dow tops 27,000 for first time ...

Politics and religion: two polarizing topics that deserve their own little place
tmcats
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Re: dow tops 27,000 for first time ...

Post by tmcats » July 14th, 2019, 12:04 pm

ChemicalKat wrote:
July 14th, 2019, 11:34 am
tmcats wrote:
July 14th, 2019, 11:13 am
$10k at the beginning of 2001, here is the results of your options at the end of 2008:

all S&P stock: -24% real cumulative return, you would end up with $7,585


you write that and then claim going cash is wrong. good lord. :|
You completely missed the point and didn’t bother reading the rest of the post. I’ve never seen someone so wrong before. And you’re an economist?
the point is your words, c'cat.
"There ain't anybody stoppin' our ass!" CK

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Post by katlander » July 14th, 2019, 1:31 pm

OK, I'll throw in my two bits regarding the stock market and markets in general. I am pretty conservative and being that way has cost me some dinero, especially the last twenty years. What many fail to realize is that just because things have been a certain way for a while doesn't mean it will continue. The stock market has been historically great to those with the right mind set. But there are no guarantees.

Generally it is best to buy and hold but there are times when things get crazy that could point to caution. The late 90s around the time GW was nominated was a time of crazy speculation in tech stock. IPOs were going nuts. When things get crazy like that watch out. The latter Bush years were a time of crazy house lending. Anyone with common sense knew it was crazy but few anticipated the chaos that would result. Obviously this would have been a good time to get out of the market, however to do so often in cut tax consequences and then one has to find another place to invest the funds.

I feel the stock market is largely based on emotion. Greed and fear. Supply and demand. Interest rates play a huge role for various reasons. One reason is that higher interest rates cost many businesses money and slow the economy. Additionally higher interest rates attract more dollars to be placed in interest bearing vehicles. This means fewer dollars going to stocks and more stocks being sold. less dollars chasing stocks means lower stock prices.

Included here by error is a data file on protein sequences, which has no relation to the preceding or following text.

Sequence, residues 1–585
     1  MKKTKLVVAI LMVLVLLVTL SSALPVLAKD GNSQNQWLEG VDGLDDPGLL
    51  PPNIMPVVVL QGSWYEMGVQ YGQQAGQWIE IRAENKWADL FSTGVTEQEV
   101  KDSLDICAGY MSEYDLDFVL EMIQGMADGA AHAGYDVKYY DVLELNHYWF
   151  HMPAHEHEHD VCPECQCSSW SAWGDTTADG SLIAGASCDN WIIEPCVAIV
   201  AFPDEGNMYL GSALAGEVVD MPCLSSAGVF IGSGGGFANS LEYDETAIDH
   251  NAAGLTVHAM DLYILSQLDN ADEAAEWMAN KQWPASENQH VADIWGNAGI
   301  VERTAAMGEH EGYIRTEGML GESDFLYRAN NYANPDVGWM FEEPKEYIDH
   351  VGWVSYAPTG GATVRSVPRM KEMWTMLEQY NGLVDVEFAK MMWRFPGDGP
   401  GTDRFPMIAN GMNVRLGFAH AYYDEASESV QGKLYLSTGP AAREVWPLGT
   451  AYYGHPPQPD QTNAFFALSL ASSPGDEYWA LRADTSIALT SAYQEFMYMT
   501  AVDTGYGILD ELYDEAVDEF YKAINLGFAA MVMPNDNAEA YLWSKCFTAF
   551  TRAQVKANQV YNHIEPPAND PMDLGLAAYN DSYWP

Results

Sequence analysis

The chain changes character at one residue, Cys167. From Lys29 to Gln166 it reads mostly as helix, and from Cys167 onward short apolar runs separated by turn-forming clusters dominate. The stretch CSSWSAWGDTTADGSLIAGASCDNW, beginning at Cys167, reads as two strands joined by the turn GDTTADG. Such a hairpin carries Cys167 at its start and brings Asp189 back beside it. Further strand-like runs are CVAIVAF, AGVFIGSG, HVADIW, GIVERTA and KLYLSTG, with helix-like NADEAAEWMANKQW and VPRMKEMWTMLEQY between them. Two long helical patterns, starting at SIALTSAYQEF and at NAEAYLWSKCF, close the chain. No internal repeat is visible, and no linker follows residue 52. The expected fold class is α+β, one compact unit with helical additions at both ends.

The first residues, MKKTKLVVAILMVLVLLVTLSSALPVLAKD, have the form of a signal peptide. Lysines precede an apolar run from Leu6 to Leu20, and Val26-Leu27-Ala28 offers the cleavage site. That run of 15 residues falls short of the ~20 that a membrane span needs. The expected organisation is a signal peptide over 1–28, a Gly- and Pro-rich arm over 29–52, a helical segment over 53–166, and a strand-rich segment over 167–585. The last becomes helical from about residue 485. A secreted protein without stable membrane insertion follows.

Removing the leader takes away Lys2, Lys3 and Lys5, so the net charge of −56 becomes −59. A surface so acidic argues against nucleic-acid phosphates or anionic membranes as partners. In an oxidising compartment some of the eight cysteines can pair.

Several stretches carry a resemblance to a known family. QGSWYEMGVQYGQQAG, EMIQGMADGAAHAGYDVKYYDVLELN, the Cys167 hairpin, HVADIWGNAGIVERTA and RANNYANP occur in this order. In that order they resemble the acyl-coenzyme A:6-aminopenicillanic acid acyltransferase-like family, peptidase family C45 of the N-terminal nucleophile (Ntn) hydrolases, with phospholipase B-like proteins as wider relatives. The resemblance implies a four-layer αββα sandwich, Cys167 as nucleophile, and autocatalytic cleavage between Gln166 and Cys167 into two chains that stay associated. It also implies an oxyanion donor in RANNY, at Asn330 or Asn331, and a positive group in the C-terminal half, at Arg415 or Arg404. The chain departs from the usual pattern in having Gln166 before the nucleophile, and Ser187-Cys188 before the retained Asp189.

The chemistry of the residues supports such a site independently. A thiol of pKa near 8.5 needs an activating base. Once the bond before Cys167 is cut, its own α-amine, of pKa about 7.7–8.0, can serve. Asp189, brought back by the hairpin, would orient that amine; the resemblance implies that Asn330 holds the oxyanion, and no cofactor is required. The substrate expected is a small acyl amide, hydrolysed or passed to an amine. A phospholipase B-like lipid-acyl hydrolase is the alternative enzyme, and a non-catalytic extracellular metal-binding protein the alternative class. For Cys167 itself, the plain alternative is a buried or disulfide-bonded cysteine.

So the more people who are sold on stocks the higher stocks will go and the higher stocks go the more people have confidence in the market. Things can just keep getting more nuts. This tends to be the case until stock prices become unsustainable or until something happens which frightens people. Then we can have a panic and huge sell off. This is simplified but much the way it works. I think it is very possible that we could see a major panic at some point which will not result in stocks recovering and going higher in a short period of time. A depression.

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Post by Opensource » July 14th, 2019, 3:24 pm

ChemicalKat wrote:
July 13th, 2019, 4:20 pm
tmcats wrote:
July 13th, 2019, 12:56 pm
you're ignorant, chemicalcat. you have the perspective of a thirty-year-old. a millennial mindset. and i believe you have next to nothing invested in the markets given how you spout nonsense. for those living on retirement income, trying to keep up with ever-increasing tax loads and volatile markets, there is a time to go cash. we did it when bush was nominated. it saved us a ton of money. i've also done it when there was no reward. for youngsters, staying in is good advice. but not all are that way. furthermore, there is no better judge than oneself about how to manage my money. ultimately, i am responsible.
Just to demonstrate how out of touch with reality and how wrong tmcats is, if you were an investor who is truly worried about president Bush II and had $10k at the beginning of 2001, here is the results of your options at the end of 2008:

all S&P stock: -24% real cumulative return, you would end up with $7,585
going to cash: -17.8% real cumulative return, you would end up with an inflation adjusted value of $8,220.65